By 1935, January 26 was known as Australia Day in all states except New South Wales (Sydney), where it was still called Anniversary Day. From 1946, January 26 was called Australia Day in all states and territories, and since 1994, the Australia Day public holiday has been on January 26 throughout the country.

Because it marks the day of colonization, Aboriginal Australians often feel that the celebrations on Australia Day exclude them. The day has been renamed Invasion Day, and protests do appear side-by-side the celebrations."

https://www.timeanddate.com/holidays/australia/australia-day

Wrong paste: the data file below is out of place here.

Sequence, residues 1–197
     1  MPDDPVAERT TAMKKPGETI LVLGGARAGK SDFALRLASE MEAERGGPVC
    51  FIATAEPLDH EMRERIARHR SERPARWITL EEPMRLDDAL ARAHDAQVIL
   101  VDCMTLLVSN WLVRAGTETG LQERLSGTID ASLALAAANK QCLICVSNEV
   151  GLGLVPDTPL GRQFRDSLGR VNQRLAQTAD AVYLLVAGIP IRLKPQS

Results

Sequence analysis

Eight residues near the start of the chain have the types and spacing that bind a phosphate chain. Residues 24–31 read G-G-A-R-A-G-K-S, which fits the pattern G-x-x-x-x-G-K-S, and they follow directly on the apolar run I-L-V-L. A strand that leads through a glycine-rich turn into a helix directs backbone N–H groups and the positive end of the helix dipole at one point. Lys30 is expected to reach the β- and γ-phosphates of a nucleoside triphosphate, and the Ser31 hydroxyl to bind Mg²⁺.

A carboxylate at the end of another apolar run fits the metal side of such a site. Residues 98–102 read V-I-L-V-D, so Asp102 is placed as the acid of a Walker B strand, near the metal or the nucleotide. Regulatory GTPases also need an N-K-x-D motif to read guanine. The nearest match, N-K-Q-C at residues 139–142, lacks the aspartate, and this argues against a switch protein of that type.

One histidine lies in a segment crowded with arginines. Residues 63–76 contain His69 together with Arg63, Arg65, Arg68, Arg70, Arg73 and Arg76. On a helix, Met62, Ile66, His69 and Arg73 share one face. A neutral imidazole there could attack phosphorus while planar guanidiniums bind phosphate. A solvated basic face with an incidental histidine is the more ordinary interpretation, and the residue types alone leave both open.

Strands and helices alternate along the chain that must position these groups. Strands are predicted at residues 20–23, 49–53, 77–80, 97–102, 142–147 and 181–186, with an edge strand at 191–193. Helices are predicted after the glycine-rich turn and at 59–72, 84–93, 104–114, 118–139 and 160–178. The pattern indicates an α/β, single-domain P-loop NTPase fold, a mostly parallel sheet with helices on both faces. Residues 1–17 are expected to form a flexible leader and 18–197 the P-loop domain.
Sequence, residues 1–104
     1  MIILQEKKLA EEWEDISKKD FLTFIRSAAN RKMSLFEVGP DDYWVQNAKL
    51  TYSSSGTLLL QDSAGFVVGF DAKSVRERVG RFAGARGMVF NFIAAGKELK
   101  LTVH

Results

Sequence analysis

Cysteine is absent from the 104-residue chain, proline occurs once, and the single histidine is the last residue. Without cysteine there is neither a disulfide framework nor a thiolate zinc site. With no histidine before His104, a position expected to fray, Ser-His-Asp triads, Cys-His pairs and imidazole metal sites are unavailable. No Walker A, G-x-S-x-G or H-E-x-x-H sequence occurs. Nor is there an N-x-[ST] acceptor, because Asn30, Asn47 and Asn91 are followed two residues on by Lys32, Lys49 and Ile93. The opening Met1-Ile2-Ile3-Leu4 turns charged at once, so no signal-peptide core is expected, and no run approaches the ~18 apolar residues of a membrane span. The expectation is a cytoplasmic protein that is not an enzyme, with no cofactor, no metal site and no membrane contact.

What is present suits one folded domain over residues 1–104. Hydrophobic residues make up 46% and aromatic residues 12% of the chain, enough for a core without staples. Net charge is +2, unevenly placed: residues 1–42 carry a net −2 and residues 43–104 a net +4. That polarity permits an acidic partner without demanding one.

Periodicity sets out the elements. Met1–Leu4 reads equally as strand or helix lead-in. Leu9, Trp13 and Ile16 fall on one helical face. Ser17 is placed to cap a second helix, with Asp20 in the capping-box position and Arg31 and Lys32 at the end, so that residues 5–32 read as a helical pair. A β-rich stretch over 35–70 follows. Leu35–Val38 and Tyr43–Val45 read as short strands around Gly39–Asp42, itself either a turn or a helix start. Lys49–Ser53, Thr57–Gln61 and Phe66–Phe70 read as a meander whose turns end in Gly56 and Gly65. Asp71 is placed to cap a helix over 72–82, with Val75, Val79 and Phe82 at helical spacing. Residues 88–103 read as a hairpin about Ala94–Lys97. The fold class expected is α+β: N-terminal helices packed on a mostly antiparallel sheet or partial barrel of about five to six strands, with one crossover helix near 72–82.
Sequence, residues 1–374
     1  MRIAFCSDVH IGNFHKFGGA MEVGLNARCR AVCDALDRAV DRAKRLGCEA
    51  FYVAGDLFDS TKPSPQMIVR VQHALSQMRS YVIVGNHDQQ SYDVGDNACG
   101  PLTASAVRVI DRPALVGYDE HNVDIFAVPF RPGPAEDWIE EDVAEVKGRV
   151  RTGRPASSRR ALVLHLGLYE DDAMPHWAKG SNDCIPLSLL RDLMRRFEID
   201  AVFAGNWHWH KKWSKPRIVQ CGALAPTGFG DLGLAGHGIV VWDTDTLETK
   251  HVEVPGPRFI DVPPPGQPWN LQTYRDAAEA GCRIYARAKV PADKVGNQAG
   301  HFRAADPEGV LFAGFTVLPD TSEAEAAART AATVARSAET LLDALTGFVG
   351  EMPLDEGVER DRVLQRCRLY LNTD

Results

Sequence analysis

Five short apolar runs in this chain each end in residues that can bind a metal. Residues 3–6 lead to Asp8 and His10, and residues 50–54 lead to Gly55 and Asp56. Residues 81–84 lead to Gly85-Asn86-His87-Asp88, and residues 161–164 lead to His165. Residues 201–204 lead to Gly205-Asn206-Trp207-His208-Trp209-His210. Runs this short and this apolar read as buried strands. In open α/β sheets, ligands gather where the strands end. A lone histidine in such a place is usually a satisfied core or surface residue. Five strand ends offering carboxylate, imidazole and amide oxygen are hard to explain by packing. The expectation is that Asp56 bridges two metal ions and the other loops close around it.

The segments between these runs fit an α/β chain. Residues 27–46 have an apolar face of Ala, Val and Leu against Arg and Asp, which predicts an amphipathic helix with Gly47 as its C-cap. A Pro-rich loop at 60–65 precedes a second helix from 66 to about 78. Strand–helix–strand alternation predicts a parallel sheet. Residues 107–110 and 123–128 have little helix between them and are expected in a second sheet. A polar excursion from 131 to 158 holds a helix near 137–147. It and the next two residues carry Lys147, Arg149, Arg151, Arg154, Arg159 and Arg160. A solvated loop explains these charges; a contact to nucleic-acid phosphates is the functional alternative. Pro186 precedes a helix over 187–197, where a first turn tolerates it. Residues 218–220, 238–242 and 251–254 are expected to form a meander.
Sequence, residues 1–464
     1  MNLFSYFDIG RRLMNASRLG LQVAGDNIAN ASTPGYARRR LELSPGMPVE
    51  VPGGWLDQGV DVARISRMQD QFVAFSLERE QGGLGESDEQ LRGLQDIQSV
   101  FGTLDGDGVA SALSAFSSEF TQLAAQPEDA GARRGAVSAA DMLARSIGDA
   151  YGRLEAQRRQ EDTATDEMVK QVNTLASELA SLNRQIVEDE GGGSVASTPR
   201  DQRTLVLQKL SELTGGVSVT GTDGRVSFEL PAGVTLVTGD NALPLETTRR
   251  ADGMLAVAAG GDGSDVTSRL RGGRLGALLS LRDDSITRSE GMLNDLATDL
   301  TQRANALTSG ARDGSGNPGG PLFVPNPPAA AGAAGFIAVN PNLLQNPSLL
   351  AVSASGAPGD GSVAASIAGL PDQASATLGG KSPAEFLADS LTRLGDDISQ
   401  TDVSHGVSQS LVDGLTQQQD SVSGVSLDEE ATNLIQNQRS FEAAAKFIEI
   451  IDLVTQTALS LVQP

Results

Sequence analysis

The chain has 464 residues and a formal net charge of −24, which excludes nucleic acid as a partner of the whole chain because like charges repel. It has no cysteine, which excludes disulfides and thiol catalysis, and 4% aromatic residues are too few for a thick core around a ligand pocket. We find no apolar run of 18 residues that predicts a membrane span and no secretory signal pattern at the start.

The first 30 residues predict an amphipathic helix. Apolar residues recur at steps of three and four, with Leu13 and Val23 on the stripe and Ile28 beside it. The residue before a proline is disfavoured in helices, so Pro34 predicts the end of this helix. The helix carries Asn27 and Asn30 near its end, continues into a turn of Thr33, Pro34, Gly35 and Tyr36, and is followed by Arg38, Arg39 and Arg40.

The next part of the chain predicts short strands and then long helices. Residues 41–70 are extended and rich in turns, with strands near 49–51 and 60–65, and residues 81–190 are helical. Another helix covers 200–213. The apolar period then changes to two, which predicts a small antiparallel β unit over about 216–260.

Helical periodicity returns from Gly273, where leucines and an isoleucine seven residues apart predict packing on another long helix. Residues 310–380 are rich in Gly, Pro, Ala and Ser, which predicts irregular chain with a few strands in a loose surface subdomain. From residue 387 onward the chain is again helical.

Tens of thousands of people demonstrated today across all over Australia calling for the day to be abolished because; 1) it offends the Indigenous people who consider it to be a day the British invaded them and took their country, 2) A Federation (all States and Territories were ruled separately via a governor on behalf of the Queen) was established on January 1, 1901 and that is the day Australia became an Independent nation, therefore, it should be celebrated that day.
 
Last edited:
The Controversy of Australia Day!!!

Australia celebrates the 26th of January as Australia Day, just like the Yankees celebrate the 4th of July. But it is not as grandiose like the 4th of July because it is marred with controversy and only few people celebrate it. There are no notable celebrations, fireworks or festivities like in other countries. Most importantly, the country is split on that day and questions have been raised the relevance of the day (26th Jan) as more people are now calling to be moved to another day and others are insisting that it should be left alone.